The panelists voiced their support and gave advice to the presenters.

Ms. Nakamitsu commented, “This method of ‘strategic foresight,’ in which ideas are formed by thinking backward from the ideal future that you envision, is extremely effective.”

Mr. Yuzaki stated, “I would like you to do a deep dive on these topics to grasp the underlying cause of these issues.”

Ms. Kumamoto advised, “Find more companions and polish your presentation skills!”

The panelists offered their advice to the presenters.

*From left, Yuzaki Hidehiko (Governor of Hiroshima Prefecture), Nakamitsu Izumi (UN Under-Secretary-General), and Kumamoto Mihoko (UNITAR Director of Division for Prosperity and Hiroshima Office)

Despite the long duration of the event, which lasted six hours in total, the students who participated appear to have been very inspired by meeting new companions and giving presentations in front of others.

We asked participants Nojiri Nozomi and Kawamoto Yoshiki for their thoughts on the event once it concluded.

(Nojiri Nozomi)

What inspired you to participate in this event?

Nojiri: I am from Miyazaki, but I learned about the awfulness of atomic bombs and the horrors of war while watching manga series such as Barefoot Gen, Grave of the Fireflies, and In This Corner of the World as a child.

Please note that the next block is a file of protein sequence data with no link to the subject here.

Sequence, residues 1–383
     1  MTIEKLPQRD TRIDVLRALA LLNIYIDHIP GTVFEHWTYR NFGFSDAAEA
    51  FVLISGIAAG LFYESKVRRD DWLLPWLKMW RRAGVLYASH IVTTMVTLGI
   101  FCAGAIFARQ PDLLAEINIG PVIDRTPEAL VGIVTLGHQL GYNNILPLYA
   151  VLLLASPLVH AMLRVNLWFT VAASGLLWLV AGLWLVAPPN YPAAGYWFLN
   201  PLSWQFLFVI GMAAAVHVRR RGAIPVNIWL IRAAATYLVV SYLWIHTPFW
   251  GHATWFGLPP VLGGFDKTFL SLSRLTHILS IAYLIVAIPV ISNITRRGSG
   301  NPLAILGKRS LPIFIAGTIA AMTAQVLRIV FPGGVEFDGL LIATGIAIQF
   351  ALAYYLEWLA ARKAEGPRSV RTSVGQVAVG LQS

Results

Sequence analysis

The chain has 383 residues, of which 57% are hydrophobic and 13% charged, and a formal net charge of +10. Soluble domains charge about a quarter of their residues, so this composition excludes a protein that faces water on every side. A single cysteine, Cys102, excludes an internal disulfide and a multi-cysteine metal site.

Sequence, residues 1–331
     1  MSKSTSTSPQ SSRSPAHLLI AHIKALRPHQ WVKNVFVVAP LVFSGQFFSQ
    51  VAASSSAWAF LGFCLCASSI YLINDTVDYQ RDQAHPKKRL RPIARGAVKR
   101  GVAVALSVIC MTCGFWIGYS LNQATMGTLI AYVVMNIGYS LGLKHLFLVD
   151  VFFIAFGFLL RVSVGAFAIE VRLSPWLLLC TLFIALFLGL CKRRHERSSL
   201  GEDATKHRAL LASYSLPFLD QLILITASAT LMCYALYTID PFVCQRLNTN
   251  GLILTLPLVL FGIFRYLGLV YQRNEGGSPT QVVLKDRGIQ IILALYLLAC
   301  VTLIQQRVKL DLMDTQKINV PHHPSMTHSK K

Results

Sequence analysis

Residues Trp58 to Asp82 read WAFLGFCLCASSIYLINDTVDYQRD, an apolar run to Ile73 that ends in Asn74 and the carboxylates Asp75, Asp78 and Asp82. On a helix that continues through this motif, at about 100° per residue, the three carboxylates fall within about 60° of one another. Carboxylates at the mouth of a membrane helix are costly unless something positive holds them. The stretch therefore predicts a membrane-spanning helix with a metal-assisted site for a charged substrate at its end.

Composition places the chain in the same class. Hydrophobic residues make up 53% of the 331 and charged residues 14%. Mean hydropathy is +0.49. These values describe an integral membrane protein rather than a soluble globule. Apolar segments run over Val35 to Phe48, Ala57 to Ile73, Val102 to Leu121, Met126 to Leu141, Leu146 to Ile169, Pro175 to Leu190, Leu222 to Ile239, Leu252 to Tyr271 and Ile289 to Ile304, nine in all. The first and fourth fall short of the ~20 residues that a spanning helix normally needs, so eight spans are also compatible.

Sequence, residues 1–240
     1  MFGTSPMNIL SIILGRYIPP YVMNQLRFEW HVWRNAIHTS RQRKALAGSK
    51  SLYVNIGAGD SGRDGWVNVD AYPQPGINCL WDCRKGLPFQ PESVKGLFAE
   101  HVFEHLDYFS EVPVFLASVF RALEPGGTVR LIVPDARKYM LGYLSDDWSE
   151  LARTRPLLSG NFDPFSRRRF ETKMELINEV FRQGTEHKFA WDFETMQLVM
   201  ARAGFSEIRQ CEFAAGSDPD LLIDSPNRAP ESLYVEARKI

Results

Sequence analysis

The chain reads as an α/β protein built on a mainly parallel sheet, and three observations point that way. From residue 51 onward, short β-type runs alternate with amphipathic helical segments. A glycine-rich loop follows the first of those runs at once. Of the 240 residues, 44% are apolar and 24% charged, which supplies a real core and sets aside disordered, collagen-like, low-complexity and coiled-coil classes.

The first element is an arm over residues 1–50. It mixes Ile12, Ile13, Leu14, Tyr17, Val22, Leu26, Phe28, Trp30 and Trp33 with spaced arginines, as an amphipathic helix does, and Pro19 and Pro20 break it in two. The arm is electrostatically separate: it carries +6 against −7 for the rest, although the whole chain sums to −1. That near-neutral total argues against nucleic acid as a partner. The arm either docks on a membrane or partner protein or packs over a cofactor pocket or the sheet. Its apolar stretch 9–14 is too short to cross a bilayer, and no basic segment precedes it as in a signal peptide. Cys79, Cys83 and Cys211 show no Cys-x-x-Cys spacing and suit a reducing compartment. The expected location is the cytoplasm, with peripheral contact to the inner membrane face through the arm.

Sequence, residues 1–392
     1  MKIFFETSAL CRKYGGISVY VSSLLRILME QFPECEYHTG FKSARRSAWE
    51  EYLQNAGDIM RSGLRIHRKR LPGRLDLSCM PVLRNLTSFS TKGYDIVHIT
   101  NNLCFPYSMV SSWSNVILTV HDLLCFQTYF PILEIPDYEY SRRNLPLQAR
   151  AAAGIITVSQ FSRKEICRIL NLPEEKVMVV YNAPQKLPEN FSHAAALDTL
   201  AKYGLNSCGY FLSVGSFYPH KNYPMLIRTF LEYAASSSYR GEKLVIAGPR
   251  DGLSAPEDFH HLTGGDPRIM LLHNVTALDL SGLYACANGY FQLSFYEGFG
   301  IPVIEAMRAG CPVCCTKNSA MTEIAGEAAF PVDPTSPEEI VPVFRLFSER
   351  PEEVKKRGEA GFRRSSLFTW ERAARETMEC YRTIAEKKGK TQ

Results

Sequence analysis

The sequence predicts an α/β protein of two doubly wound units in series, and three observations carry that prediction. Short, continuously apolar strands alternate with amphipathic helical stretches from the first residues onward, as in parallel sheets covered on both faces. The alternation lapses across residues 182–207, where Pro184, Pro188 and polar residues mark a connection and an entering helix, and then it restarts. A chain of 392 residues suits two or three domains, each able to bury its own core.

My interest was heightened further when I enrolled in a university in Nagasaki, and I decided to apply to participate in this event as soon as I heard about it so that I could take advantage of this rare opportunity to go to Hiroshima on August 6th.

Kawamoto: My great-grandfather passed away as a result of the atomic bombing, and my grandmother would frequently tell me about how things were at the time.

Then, as a high school student, I volunteered as a guide to show visitors from overseas the Hiroshima Peace Memorial Museum and Atomic Bomb Dome.

I applied to participate in this event so that I could further my understanding of peace.

(Kawamoto Yoshiki)

Is there anything that has left an impression?

Nojiri: I used to feel insecure about the fact that I am engaging in these kinds of activities despite the fact that I am not from a place that was subject to an atomic bombing.